Writing and Truth

Those of us who are writers have probably all had trouble getting words down at one point or another.  I can tell you from personal experience I go through a small bout of writer’s block at least once a week.  I’ve learned that it’s quite normal for this to happen.  I try not to let it frustrate me, but as writing is one of the main things that I do in order to keep myself healthy and balanced these days, I can’t help a bit of scowling, nail biting and frustrated pacing at my own sort of mental constipation.


But I have been asking myself a lot of questions lately about the patterns I notice in my own writing.  What truths am I revealing about myself through my craft?


If writers take the time to explore the subjects about which they write, on the surface, they’re probably going to note that they enjoy specific things.  Horror writers enjoy the thrill of the scare, suspense writers love to indulge their brains in the mystery that can be the human condition.  Romance, erotica, fantasy, science fiction..the list goes on and on.


But I have a habit of picking things apart in my brain.  The fact that I graduated with a BA in Psychology and then worked in mental health for over 5 years probably just adds fuel to that fire.  I’ve had people tell me before that I over think things.  That’s an understatement.  When I allow myself too, I will crucify myself over something that I said or did that may or may not have offended someone I care about. I will rake myself over the coals over certain choices I’ve made and certain others that I did not make.  Nobody is perfect, but I could do myself and the world around me a favor if I could try to remember that more often.


In terms of writing, my personal investigations began when a friend of mine asked me one day if I was afraid that my truth would come out in my writing.  I thought about it for a moment, and then my initial response was a simple “yes.”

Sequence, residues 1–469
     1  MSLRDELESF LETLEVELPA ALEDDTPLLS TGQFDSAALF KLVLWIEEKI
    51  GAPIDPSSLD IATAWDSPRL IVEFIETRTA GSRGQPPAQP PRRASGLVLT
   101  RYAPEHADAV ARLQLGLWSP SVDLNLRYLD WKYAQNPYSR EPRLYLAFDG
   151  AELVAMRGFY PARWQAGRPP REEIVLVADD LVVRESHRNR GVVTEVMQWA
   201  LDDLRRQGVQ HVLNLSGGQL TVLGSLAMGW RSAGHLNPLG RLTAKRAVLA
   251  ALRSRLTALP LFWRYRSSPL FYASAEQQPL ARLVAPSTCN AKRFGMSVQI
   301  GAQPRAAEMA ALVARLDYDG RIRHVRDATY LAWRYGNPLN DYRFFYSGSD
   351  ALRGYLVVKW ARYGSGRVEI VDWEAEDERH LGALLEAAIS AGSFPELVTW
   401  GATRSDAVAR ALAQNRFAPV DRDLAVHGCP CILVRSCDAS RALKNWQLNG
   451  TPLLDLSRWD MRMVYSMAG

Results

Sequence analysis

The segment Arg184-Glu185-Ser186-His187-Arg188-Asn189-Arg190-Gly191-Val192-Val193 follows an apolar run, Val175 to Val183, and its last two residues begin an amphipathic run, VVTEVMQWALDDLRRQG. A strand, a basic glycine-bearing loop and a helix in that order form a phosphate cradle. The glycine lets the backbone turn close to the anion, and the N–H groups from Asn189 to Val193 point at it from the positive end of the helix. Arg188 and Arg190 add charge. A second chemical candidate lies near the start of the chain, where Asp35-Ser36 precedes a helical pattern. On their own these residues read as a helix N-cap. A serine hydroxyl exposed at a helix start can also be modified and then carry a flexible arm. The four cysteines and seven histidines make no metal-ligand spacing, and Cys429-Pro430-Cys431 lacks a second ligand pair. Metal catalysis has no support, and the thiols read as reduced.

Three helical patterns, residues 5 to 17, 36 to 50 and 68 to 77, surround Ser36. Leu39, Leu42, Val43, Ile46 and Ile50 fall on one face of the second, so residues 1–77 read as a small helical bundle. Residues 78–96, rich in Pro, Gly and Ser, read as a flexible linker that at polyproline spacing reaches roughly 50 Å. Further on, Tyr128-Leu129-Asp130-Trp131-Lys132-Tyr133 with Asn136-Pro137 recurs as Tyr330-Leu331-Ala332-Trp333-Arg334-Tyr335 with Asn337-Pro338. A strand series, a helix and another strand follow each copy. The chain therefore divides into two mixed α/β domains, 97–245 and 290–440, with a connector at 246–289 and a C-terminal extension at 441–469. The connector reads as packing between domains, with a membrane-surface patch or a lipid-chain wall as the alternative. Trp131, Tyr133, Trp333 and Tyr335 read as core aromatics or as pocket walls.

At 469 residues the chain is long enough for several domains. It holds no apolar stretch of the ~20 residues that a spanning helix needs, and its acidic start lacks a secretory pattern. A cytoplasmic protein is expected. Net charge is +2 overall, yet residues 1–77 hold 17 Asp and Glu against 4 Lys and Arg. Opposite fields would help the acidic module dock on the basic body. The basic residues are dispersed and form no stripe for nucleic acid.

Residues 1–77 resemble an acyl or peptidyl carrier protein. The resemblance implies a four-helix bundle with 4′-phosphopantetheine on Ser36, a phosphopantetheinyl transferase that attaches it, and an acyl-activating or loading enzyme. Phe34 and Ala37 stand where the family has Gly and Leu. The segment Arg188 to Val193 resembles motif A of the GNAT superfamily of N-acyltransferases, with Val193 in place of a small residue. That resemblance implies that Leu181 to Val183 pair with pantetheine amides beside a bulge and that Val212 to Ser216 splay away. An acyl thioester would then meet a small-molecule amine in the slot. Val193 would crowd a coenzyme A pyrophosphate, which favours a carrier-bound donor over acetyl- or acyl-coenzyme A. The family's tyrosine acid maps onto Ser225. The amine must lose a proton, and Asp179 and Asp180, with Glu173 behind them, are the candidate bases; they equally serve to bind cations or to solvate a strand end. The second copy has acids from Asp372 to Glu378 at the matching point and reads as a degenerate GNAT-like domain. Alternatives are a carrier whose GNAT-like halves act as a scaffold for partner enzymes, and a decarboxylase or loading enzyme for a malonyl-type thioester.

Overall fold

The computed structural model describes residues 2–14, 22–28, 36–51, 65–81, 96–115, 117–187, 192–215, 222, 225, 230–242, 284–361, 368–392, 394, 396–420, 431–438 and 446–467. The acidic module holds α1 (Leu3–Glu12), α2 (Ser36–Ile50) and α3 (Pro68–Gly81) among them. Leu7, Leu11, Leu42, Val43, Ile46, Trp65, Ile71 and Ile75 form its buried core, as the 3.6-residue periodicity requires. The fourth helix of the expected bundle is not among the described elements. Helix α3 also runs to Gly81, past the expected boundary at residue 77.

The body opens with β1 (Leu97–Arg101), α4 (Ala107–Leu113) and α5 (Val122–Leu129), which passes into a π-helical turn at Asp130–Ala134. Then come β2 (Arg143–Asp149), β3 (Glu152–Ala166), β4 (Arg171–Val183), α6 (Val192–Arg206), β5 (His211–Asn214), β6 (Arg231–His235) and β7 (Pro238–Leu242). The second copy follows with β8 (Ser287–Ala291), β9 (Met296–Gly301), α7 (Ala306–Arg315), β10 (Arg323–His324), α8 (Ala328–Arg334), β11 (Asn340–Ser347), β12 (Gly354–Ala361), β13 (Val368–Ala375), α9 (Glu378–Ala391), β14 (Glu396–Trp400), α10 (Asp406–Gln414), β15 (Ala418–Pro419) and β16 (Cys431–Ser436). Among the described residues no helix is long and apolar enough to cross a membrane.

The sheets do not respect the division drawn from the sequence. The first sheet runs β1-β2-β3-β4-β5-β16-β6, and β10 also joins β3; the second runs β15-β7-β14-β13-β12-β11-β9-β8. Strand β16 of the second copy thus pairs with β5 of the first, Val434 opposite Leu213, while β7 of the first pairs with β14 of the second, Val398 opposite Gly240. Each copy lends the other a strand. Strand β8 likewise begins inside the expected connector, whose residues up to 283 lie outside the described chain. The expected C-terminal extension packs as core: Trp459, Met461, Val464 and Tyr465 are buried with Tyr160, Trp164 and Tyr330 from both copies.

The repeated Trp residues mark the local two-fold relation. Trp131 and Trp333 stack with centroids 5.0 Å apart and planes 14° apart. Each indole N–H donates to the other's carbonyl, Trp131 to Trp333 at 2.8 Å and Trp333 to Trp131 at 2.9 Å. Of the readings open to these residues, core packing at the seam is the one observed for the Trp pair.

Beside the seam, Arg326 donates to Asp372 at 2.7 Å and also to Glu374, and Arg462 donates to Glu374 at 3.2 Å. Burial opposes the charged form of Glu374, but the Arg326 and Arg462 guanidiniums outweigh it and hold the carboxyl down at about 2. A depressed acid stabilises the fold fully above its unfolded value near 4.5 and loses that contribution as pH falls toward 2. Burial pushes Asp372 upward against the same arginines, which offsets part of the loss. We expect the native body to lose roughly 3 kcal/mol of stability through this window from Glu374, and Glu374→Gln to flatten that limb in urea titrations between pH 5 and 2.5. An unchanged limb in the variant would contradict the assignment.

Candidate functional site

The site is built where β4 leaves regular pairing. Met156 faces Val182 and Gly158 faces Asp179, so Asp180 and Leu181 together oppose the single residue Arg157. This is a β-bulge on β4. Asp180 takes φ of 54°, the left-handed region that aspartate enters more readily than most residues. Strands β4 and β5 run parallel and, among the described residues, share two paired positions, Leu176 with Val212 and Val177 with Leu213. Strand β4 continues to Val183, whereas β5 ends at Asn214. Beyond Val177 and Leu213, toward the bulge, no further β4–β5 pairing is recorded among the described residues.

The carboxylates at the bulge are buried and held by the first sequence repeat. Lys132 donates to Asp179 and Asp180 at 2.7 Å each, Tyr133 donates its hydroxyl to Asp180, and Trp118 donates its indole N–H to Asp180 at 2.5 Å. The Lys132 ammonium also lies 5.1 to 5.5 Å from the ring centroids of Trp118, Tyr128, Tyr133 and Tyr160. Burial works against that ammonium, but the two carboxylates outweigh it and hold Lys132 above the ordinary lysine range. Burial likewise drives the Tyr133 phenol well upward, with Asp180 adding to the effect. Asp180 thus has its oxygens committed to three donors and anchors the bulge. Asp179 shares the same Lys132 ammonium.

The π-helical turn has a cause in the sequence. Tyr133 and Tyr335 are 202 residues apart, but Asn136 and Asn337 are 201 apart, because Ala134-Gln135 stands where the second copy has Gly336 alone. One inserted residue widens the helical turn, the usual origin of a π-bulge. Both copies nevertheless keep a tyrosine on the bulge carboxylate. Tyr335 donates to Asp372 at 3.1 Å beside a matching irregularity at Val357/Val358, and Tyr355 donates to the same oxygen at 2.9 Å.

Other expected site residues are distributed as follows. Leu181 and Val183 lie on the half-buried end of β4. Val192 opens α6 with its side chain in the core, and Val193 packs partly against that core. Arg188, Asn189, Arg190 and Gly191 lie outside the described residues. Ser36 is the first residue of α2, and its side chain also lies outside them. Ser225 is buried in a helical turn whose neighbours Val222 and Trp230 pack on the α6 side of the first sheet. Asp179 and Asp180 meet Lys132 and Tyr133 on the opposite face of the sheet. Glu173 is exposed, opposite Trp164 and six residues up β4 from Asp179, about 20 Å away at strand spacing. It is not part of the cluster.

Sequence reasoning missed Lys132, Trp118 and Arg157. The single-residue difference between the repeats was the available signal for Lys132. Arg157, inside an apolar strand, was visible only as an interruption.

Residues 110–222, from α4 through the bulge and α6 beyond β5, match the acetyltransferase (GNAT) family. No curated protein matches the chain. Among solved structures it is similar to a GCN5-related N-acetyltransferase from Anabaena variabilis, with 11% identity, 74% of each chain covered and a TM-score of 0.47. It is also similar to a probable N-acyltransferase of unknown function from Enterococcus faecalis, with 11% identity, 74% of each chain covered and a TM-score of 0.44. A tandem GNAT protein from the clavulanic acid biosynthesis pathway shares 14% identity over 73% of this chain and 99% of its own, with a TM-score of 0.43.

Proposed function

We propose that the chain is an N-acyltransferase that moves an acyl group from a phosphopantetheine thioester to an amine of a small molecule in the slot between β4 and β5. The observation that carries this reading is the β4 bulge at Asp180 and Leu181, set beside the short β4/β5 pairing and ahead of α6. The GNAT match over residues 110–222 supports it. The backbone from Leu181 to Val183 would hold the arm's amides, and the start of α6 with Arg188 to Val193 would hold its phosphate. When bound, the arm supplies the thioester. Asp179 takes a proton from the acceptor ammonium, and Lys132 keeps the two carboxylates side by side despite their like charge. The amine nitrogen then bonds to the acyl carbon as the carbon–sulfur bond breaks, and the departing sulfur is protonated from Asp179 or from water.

I’d like to think that I have no fucking ego when it comes to anything I do, but I can’t even enter a writing contest without hoping that I will be, hands down, the winner and supreme champion.  Even if my friends are entering the same contest, I want to be the one who shines.  A good friend of mine reminded me of this tonight.


If  I’m walking down the street, as much as I have been avoiding it lately, I usually feel pretty fucking okay when people admire me.  I don’t always want to acknowledge this part of myself, but people in general want to feel, in some way, that others will find a reason to gravitate to them.  There’s no sense in my denying this part of my nature.  I like to think that I attract people.  I don’t know that I would want to be a writer if I didn’t think I could woo people with my words.


This doesn’t mean that I want to be the proverbial dancer at a Chip and Dales, shaking it for anyone who wants to give me money.  Maybe I just don’t want to look like this guy.



And yet, the blogging, the writing that I show my friends, the writing contests I enter, the careful way in which I choose what to wear when I walk to down the streets of NYC all point to a fundamental need for me.  Even when I’m in a bad mood, I seem to crave positive attention.


I don’t believe I truly have an ego.  That may be because I am the type of person that is never sure, before I put myself out there, that I’m going to be well received.  I never know if beer bottles are going to be tossed at my head when I get on that fucking stage and shake my ass.  I like to think I read people well, but when it comes to what other’s think of me, I second guess myself so much I might as well be two different people.


Maybe I can create a doppelganger of myself that has all the self confidence in the world, that always knows what his friends and loved ones are thinking,  that always knows what to say to his special someone to help her feel less alone, AND who can land any job in the country with a wink and a smile.


Yeah.  He can smile if he wants to.  His name will be “Angle” anyway.  That’s always chuckle worthy.